What Is a Network Administrator?

A network administrator is an important member of the IT workforce. These experts are responsible for the daily upkeep of the company’s computer and network system. Network administrators fix problems as they arise during daily usage. They handle long-term projects like managing telecommunications networks or data backup.

Network administrators ensure that an organization’s computer network operates as intended. Companies with different software platforms or computers need network administrators to ensure that the systems are coordinated and connected. It is often confused with systems administrators which is not the same.

What is the difference between both? The work environment is the main difference. In some small organizations, both terms are interchangeable and may even cover the same tasks. However, in large organizations, the roles are clearly different.

What Do Network Administrators Do?

The full role of a network administrator is decided by the organization. However, the general roles include setting up hardware and troubleshooting servers. It could also include tasks such as training new staff on how to handle software or hardware.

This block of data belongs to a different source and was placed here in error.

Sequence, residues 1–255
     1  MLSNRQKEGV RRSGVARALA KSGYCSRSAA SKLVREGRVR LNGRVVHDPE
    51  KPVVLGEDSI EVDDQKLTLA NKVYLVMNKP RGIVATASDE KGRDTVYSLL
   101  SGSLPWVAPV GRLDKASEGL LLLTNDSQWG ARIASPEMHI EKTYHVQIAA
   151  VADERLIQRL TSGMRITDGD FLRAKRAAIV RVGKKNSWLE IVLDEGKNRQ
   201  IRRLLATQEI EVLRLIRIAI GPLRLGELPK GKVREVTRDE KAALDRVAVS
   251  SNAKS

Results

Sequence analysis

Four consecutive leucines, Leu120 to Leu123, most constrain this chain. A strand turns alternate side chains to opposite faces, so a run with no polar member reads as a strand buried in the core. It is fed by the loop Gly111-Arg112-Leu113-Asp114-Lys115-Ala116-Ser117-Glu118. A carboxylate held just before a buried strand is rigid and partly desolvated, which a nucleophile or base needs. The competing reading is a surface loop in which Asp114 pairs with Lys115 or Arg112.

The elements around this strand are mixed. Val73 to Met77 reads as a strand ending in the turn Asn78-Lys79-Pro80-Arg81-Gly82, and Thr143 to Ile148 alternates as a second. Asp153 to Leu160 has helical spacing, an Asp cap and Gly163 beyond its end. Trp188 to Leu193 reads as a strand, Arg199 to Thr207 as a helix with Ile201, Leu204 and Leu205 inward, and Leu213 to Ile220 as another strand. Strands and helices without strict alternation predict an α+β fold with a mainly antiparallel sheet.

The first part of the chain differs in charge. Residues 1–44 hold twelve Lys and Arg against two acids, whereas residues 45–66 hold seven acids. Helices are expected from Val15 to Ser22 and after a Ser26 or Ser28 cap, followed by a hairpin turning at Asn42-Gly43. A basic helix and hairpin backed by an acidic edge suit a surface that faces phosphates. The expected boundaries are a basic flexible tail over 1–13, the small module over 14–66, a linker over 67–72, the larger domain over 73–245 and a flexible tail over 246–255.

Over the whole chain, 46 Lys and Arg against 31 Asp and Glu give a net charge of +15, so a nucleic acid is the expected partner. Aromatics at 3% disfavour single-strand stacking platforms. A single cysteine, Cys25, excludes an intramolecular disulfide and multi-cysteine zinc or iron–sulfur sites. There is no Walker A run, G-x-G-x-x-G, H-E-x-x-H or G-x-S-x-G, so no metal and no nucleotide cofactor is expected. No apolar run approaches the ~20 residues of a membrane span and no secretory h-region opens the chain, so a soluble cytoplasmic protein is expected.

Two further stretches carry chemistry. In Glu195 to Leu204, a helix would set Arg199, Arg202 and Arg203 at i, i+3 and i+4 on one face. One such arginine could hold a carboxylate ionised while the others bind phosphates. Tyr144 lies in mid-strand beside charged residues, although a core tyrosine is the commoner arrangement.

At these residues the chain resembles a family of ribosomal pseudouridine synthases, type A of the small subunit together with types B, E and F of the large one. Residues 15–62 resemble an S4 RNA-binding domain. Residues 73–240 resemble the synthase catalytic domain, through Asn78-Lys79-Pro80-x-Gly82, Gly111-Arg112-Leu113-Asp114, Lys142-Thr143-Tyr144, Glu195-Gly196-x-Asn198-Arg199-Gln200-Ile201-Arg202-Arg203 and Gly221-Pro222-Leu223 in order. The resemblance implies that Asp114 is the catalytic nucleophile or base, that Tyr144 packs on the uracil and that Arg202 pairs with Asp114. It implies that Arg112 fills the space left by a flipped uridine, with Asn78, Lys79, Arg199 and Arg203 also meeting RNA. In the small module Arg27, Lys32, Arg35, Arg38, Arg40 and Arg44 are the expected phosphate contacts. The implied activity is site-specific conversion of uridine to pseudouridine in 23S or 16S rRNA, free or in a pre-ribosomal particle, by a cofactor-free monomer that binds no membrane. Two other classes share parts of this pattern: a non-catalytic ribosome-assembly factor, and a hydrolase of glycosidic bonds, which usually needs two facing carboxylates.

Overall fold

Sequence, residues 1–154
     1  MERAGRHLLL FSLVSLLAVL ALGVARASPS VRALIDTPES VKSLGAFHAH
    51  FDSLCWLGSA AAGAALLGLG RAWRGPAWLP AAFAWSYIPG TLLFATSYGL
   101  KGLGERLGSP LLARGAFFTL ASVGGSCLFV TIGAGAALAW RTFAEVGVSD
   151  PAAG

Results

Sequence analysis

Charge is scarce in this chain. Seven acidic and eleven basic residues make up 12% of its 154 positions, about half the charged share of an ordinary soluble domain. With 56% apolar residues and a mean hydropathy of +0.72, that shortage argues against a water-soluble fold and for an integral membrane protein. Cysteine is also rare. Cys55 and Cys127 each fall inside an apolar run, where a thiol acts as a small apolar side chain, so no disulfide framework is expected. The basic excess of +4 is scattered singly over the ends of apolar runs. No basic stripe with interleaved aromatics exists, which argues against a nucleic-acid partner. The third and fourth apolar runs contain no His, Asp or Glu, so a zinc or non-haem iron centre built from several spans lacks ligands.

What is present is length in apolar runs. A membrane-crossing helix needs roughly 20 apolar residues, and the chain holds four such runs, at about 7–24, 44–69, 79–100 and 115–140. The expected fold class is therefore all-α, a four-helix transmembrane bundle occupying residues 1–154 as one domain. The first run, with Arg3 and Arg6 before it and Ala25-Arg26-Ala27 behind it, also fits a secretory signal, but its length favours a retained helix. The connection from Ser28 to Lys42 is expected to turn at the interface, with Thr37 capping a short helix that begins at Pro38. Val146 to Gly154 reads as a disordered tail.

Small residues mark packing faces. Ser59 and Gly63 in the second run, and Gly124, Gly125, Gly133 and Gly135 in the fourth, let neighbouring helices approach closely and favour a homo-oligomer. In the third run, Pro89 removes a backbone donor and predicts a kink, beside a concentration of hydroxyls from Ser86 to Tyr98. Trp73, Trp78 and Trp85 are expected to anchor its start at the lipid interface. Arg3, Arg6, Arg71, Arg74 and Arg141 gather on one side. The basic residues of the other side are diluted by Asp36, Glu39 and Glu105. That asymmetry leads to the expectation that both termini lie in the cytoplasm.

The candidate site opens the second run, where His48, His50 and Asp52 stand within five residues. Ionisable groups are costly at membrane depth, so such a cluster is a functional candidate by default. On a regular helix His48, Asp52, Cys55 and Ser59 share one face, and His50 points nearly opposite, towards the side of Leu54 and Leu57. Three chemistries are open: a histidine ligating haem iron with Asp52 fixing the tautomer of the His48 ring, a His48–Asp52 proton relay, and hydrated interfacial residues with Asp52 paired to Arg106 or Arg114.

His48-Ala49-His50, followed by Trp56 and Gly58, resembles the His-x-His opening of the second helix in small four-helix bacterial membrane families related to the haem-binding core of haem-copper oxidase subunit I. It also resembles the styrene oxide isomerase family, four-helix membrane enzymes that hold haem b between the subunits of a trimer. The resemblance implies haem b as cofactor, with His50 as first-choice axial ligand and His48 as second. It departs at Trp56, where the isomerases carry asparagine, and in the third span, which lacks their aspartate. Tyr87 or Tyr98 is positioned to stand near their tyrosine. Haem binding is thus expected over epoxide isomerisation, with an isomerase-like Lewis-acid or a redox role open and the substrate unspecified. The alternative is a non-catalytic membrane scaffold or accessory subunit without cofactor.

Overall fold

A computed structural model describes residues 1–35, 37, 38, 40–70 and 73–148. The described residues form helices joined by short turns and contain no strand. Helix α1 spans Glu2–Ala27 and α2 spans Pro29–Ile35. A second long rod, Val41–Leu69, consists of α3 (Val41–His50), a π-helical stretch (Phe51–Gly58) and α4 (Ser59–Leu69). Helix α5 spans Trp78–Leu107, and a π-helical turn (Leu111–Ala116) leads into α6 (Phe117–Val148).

Network administrators update the system whenever necessary. Pursuant to that, it is their responsibility to inform the staff about the new program and its components.

Network security administrators make sure unauthorized people do not get access to company networks. They protect data and maintain functional computer systems by setting up firewalls and anti-virus software.

Working as a network security administrator, you will set passwords to restrict users and protect servers. You will assess the security needs of the companies you work for and design efficient security systems. Setting up and installing necessary applications will be your job as well.

You will often be asked to train employees on the correct use of security systems, too. You will create the service policy for the systems you set up, establish best practices, and be there to troubleshoot arising issues.